Water as a Permanent Status Issue In The Israeli – Palestinian Negotiations
The Hague Institute acted as third-party mediator for the operationalization of the Water Annex (GI Water Annex), an element of the 2003 Geneva Accord proposing a detailed solution for a final peace agreement. Third-party and multitrack diplomacy are critical to maintaining dialogue under uncertain political conditions, particularly when formal negotiations have come to a halt, as they have between Israel and the Palestine Authority. Especially in these times, it is important that a peaceful diplomatic solution to vital contested issues is still possible.

Palestinian-Dutch Academic Cooperation Program on Water (PADUCO)
Under this program, The Hague Institute is involved in a joint research project on ‘Rethinking the Water Governance Systems to Cope with Water Scarcity.’ In particular. Dr. Huntjens will supervise a M.Sc.-student of Wageningen University, Ms. Juliane Schillinger, to conduct a water governance assessment in Palestine Territories, in collaboration with Al Quds University, Jerusalem.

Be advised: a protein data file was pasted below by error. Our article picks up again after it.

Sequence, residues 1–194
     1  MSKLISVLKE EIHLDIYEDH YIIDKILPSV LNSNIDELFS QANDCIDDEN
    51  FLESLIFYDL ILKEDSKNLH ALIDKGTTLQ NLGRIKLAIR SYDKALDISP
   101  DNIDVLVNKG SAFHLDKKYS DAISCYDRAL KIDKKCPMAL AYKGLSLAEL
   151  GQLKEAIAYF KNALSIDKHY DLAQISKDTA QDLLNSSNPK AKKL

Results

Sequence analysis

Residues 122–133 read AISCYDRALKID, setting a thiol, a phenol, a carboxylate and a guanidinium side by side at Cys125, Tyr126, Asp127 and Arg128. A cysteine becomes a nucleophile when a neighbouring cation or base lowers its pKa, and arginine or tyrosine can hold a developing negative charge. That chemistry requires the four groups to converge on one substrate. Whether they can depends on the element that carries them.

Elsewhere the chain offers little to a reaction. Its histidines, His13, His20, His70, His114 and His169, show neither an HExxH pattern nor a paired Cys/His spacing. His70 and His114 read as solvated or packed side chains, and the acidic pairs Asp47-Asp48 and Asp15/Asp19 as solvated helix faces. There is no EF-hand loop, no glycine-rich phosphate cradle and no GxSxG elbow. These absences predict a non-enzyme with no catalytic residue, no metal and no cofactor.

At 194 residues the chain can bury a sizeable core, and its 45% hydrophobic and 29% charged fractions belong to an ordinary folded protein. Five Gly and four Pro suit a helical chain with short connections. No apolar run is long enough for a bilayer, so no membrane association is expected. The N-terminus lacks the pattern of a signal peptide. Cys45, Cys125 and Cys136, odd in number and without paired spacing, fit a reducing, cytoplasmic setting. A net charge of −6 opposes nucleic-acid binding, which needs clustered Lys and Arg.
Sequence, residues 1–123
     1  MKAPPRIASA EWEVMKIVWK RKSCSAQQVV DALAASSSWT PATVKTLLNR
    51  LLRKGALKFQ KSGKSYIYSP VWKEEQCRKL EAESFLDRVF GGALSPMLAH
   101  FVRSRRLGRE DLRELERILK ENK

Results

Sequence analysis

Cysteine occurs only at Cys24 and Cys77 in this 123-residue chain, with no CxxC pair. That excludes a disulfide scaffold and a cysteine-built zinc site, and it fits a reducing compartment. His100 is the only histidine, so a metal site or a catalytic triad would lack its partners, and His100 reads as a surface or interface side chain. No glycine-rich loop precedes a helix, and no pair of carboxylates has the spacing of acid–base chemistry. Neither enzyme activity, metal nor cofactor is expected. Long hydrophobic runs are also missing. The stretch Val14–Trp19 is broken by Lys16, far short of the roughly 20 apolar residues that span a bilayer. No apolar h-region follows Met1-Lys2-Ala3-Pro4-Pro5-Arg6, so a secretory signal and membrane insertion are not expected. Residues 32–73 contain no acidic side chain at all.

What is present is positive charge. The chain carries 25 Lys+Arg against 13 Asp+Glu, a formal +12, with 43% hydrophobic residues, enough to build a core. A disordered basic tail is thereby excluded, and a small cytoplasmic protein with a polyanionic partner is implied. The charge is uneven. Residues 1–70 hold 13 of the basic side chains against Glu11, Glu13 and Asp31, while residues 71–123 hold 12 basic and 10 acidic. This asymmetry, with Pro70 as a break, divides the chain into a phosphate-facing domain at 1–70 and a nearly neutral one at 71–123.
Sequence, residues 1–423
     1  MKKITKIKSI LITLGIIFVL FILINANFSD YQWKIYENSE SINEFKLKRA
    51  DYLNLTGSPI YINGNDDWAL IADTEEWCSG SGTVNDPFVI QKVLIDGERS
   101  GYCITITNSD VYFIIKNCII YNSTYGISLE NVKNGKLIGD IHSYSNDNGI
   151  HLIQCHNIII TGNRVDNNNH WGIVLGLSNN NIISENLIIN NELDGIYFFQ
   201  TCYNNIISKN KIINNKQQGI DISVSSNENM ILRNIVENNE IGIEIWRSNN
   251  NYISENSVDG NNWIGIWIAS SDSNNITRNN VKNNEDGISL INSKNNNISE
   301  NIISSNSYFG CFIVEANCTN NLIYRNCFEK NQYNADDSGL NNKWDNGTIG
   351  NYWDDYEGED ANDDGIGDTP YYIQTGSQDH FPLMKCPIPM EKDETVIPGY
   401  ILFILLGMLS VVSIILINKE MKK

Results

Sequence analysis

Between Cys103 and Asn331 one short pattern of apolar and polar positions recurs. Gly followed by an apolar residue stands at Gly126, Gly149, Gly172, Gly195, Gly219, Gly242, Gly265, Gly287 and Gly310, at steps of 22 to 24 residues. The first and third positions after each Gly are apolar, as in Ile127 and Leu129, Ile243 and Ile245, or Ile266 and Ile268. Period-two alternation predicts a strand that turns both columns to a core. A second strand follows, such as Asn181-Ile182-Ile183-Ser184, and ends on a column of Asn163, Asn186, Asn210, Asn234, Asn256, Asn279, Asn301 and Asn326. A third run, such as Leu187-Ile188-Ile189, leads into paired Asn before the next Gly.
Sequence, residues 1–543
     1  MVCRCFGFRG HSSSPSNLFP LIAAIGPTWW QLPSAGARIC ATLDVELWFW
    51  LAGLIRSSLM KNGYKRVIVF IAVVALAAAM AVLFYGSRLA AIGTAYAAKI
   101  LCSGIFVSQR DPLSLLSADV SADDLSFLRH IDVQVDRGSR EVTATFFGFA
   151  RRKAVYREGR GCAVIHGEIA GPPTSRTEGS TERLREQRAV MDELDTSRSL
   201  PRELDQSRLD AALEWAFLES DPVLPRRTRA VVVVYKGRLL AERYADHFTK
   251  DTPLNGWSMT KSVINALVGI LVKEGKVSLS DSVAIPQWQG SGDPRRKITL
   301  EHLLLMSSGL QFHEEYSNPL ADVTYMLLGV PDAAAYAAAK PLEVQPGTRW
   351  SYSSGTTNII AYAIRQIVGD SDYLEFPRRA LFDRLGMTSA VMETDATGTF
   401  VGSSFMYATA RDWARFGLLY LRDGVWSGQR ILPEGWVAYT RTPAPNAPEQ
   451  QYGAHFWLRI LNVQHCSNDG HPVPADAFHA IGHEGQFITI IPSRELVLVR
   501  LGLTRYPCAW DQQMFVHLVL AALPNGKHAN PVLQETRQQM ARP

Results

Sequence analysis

Framework for Political Economy Analysis of Transboundary Basins in Africa
Facilitating sustainable climate resilient growth in Sub-Saharan Africa is the priority of this project. The project includes two components: 1) Preparation of a Political Economy Analysis Framework, and 2) Application of the political economic analysis framework in three case studies. The three case studies include the Lake Chad Basin; the Niger Basin; and the Equatorial Lakes Region.

Publications

Water Diplomacy and Climate Governance Portfolio
The Water Diplomacy and Climate Governance Portfolio showcases The Hague Institute’s work on water conflict and cooperation. It includes projects, partnerships, events and training sessions.

The Multi-track Water Diplomacy Framework: A Legal and Political Economy Analysis for Advancing Cooperation over Shared Waters
This report, published within the context of the research project ‘Water Diplomacy: Making Water Cooperation Work,’ specifies and tests a conceptual and analytical water diplomacy framework that identifies the key factors that affect water cooperation. Knowledge of these key determinants of cooperation not only contributes to the existing body of academic knowledge, but can also help to bolster cooperation over shared waters.